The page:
A New York State grant program for small arts organizations that has been in disarray for the past several years is getting back on track with help from a newly formed local arts agency.
The New York State Council on the Arts' decentralization grant program, which hands out small grants to individual artists, educational groups and community arts projects in urban and rural communities, is being administered this year by the Arts Services Initiative. That group, formed last year to spearhead efforts to promote and fund cultural organizations across the region, is now seeking applicants for grants ranging from $500 to $5,000 for events and projects large and small.
The deadline for applications (available on the ASI website, is Oct. 10. Arts Services Initiative Executive Director Tod A. Kniazuk noted that organizations who get their applications in before Oct. 3 will receive help to make sure they have included all the necessary material.
"What's great about these grants is that it's a pot of state money," Kniazuk said. "It's given as a pot of money to local communities to distribute. Rather than having to try to get the attention of [the New York State Council on the Arts] and Albany and say, 'We're worth funding,' it's decided upon by a panel of local leaders in the field, administered locally and meant for smaller cultural organizations - ones who wouldn't be applying directly to NYSCA."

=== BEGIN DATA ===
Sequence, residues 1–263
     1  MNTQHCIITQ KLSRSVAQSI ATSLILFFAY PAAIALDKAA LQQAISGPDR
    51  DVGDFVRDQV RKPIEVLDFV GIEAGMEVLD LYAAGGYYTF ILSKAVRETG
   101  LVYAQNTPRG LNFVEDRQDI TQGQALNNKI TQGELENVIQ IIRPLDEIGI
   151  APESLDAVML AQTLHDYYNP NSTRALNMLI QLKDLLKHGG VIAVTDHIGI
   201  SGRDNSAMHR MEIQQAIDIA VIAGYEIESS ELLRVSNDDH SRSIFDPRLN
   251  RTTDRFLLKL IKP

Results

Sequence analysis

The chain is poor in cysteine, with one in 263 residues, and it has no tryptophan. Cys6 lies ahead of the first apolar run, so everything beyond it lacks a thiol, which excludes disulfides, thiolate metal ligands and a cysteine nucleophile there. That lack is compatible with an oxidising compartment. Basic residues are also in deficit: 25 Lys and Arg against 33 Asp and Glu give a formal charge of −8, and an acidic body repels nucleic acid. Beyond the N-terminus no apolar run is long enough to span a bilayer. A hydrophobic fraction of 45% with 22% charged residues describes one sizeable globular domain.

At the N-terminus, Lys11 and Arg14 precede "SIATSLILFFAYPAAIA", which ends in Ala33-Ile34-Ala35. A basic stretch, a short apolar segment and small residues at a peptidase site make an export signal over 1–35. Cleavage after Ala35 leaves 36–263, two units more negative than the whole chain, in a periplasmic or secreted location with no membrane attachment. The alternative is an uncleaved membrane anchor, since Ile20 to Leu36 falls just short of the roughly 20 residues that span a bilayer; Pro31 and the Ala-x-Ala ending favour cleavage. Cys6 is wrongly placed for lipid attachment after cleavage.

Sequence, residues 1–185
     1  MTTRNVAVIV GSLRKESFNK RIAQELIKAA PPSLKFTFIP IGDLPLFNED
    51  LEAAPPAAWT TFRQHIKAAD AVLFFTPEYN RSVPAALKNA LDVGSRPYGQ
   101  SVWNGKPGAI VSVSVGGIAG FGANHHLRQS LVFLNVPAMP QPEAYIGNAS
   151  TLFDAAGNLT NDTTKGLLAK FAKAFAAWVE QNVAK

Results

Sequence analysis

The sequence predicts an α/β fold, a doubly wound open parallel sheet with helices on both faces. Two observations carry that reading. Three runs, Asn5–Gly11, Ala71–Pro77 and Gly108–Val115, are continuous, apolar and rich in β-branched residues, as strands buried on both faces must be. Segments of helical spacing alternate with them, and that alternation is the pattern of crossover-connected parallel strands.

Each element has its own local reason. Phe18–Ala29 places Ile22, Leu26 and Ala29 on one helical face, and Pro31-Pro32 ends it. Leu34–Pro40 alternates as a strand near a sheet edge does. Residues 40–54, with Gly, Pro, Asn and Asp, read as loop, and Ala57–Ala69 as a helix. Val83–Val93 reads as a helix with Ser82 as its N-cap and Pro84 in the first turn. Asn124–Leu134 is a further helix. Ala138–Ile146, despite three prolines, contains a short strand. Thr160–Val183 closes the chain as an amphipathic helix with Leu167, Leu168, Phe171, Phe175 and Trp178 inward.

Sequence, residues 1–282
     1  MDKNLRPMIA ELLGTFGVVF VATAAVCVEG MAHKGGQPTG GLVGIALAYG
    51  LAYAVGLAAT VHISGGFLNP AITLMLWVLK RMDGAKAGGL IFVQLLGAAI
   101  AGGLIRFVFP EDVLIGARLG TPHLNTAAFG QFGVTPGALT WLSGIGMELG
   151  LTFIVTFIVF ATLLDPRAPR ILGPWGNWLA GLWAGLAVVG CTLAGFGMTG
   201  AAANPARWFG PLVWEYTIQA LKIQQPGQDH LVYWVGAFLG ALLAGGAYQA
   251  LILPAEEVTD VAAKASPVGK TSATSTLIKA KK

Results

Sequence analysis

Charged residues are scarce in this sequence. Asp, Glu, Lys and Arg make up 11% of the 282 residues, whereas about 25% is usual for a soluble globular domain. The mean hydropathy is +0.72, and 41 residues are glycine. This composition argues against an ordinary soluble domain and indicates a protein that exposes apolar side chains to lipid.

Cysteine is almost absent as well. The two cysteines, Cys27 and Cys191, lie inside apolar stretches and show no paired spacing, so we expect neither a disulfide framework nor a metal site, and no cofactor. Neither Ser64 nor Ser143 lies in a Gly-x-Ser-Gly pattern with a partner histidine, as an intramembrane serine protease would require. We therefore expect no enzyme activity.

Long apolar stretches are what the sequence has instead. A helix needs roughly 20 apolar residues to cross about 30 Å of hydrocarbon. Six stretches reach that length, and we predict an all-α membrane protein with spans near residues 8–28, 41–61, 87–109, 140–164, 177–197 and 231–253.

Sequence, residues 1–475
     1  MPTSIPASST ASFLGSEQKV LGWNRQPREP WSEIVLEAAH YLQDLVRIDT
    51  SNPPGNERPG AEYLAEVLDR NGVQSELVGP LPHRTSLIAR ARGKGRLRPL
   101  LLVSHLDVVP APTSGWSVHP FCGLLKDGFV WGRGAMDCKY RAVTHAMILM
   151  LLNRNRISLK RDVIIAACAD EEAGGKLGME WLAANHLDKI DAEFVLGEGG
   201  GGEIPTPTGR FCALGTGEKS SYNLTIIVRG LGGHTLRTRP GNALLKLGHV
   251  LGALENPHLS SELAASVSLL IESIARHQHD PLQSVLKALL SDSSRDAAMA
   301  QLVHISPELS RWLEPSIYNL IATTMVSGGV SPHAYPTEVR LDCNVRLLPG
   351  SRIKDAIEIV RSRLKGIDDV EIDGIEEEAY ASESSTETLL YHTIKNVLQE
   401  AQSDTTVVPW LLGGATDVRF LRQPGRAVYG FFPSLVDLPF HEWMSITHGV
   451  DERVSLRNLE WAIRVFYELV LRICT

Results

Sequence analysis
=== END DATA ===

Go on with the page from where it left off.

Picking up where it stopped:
In past years, applications for the DEC grants, as they are known, have encountered a number of hurdles. The trouble with the grants came to a head in 2009, during the last days of the Arts Council in Buffalo and Erie County, whose executive director defrauded New York State taxpayers and left most promised grants unpaid. About half that money was later recovered by the state attorney general's office and distributed to local arts groups, all of whom had mounted programming based on the promised grants.
In subsequent years, the Carnegie Art Center in North Tonawanda took over administration of the grants from the defunct Arts Council, but disarray within the State Council produced continued confusion and delays in the grant process.
Kniazuk, who praised the Carnegie center for doing the best in the face of difficult circumstances, promised a much smoother process.
"We're going to announce by early December, so folks will know that they've got this money and they can go ahead with their programming," Kniazuk said.